10. Notes
    In additional to specific remarks included in the "Procedure" itself, authors are encouraged to provide general notes that are relevant to the protocol, such as:
    1. Notes about reproducibility and variability in your hands;
    2. Additional notes, technical tips, and cautionary points that may improve the procedure.
  11. Recipes
    We request authors to be precise about the ingredients they use (e.g., buffer or media) and the conditions they establish for their experiments including storage temperature and shelf-life of each solution. Note that minor details in this section (such as catalog number of a reagent, or the type of water used), when not precisely followed, often lead to the failure of an experiment. Authors should indicate whether any materials are subject to MTAs.
  12. Acknowledgments
    Authors are expected to acknowledge funding sources that have supported their work. If the protocol was adapted or modified from previous work, please acknowledge the previous work here as well.
  13. Competing interests
    The corresponding author is requested to provide a statement of financial and non-financial competing interests on behalf of all authors. At Bio-protocol, one typical type of financial competing interest is the receipt of funding or free products from the vendors of the reagents/equipment or other advertisers. Other examples of financial and non-financial competing interests can be found at PLOS.
  14. Ethics
    All protocols that have used human and/or animal subjects must mention the specific ethics committee that approved the described experiment. Protocols including human subjects should also indicate that informed consent was obtained from all subjects. Protocols including clinical trials should clearly state the name of the trial register and the clinical trial registration number in the manuscript.
  15. References
    Authors are requested to include all relevant literature. We strongly recommended using EndNote to insert the references. Please download our EndNote style through the following link:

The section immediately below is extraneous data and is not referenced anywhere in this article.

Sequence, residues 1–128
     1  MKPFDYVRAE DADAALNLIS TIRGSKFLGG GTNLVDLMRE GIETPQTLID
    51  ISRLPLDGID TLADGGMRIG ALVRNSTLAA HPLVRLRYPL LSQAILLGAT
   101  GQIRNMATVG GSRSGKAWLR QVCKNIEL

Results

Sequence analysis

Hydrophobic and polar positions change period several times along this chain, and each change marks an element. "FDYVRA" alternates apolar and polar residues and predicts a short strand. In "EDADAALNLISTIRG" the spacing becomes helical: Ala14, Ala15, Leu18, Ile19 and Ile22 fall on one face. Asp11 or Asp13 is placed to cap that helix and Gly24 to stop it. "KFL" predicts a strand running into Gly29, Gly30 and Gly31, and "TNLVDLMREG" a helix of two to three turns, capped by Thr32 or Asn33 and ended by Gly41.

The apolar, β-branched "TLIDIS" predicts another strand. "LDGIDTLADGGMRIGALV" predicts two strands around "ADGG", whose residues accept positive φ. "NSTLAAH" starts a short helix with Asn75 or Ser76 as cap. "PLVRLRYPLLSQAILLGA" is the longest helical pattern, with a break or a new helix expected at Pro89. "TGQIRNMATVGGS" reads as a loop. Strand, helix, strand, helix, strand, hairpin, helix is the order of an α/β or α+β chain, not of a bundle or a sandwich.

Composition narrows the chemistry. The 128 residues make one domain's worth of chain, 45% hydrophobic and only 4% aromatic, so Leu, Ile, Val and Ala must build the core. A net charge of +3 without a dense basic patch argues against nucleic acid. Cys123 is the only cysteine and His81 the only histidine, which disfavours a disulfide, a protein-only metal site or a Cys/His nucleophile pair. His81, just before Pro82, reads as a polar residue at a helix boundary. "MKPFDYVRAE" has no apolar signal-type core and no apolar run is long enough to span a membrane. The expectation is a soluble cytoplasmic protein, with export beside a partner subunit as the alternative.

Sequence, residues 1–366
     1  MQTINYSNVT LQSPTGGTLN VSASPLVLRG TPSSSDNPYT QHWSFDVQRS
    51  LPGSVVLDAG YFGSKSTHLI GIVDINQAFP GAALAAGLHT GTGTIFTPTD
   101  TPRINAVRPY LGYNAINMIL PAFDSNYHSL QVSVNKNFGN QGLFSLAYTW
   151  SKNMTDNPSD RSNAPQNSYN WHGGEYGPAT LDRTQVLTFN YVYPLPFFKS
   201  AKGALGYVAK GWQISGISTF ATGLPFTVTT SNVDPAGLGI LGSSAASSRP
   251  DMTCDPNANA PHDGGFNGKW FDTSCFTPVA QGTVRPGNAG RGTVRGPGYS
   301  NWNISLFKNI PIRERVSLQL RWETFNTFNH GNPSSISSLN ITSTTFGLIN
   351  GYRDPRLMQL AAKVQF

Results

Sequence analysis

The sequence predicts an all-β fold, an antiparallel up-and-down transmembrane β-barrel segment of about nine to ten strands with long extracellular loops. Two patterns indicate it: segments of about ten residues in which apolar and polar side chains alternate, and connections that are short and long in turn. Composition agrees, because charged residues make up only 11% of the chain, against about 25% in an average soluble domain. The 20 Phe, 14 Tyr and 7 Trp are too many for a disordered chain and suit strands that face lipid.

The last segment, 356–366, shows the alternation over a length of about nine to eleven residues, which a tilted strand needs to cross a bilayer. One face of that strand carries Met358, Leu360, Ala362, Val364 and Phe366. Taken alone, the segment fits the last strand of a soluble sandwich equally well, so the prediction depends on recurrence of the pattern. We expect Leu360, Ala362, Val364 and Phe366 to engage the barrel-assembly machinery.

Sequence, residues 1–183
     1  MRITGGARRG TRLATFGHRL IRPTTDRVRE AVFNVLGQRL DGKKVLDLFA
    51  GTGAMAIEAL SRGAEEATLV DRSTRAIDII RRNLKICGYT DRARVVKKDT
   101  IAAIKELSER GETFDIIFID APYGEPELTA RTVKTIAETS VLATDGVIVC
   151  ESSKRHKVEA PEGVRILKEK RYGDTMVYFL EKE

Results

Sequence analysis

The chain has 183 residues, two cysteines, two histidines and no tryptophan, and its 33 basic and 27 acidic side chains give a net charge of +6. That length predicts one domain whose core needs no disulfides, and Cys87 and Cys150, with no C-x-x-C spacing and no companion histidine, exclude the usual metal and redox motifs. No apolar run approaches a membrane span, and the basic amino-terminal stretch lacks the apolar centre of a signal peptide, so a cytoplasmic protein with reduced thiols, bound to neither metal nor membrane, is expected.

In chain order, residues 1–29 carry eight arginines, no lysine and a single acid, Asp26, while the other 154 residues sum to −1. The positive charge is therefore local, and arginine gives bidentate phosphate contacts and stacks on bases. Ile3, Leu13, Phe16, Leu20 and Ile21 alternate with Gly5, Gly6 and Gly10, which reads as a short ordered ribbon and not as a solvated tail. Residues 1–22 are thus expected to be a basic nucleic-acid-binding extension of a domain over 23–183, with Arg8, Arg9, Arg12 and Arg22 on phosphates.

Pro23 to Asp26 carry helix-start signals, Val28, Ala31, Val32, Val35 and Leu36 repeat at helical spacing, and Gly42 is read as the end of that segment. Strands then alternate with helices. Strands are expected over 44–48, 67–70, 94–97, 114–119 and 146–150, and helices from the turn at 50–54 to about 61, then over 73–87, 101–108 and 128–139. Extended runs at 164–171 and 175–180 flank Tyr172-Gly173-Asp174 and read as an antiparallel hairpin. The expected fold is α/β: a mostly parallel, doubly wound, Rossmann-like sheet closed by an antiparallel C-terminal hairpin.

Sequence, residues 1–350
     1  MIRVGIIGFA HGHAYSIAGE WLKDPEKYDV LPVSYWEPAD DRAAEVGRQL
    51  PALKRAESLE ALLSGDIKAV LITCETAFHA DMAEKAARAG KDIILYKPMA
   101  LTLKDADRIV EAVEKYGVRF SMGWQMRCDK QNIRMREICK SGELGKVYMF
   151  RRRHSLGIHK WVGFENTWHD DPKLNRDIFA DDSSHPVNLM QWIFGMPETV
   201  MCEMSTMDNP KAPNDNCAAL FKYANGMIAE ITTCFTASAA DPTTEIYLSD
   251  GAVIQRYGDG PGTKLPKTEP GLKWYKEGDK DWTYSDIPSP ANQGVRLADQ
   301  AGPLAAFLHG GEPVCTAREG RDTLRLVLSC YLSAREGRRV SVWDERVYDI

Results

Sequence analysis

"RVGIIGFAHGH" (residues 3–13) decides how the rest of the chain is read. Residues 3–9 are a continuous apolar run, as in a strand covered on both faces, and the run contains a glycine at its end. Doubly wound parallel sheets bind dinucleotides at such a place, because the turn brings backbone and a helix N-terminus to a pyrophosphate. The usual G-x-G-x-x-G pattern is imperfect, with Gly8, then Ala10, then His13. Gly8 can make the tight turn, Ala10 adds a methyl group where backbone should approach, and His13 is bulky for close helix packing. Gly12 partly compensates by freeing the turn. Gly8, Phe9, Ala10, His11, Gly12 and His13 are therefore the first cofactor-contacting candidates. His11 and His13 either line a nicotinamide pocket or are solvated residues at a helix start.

Here is an example of the Bio-protocol reference format:
    Bindschedler, L. V., Dewdney, J., Blee, K. A., Stone, J. M., Asai, T., Plotnikov, J., Denoux, C., Hayes, T., Gerrish, C., Davies, D. R., Ausubel, F. M. and Bolwell, G. P. (2006). Peroxidase-dependent apoplastic oxidative burst in Arabidopsis required for pathogen resistance. Plant J 47(6): 851-863.
Figures, Videos and Tables
Figures: For the original submission, Bio-protocol encourages authors to embed figures in the text file (except for figures that are included in a composite PDF). Upon acceptance, Bio-protocol requires individual figure files in TIFF format (PMC preferred image format) with a minimum resolution of 300 dpi. The width of regular figures is required to be no wider than 147.4 mm. We request that in-figure text be 8-12 point. Figure panels should be labeled with "A, B, C…" (uppercase, bold). Use the same typeface for all figures.
Image files should not be manipulated in any way that could result in misinterpreting the original image. Please refer to 'What's in a picture? The temptation of image manipulation' by Rossner and Yamada (Journal of Cell Biology, 166:11) for examples of inappropriate manipulation and valuable guidance on acceptable practice.
Videos: For video, a typical smart phone camera is adequate as long as the video is clear. Bio-protocol requires that standard video formats be used (e.g., MOV, MPEG, AVI).
Tables: Tables should be numbered chronologically as they appear in the protocol, and should appear after the first time they are cited in the text. There are no limits on table size; the Bio-protocol editing team will either adjust their size appropriately for optimal online presentation or advise the author to include them as a supplementary file if they are too large.
All figures, videos, and tables should be supported by an accurate and relevant title and legend.
The use of standard scientific nomenclature is required. Species, genes, genotypes, and mutations should be italicized. Genetic databases for the species of interest should be consulted to ensure that the recommended names are used. Bio-protocol encourages authors to refer to organisms by their common name (if a common name applies), and to provide the Latin name in parentheses at first use. Authors should determine whether the nomenclature they have used conforms to accepted community standards.
Numerical data
Bio-protocol requires authors to provide information about data processing and analysis, including any statistical tests applied, criteria for data inclusion or exclusion, and details of replicates including independent experiments. If this information is already available in the original research paper, authors should indicate this in the “Data analysis” section of the manuscript and provide a link with proper citation.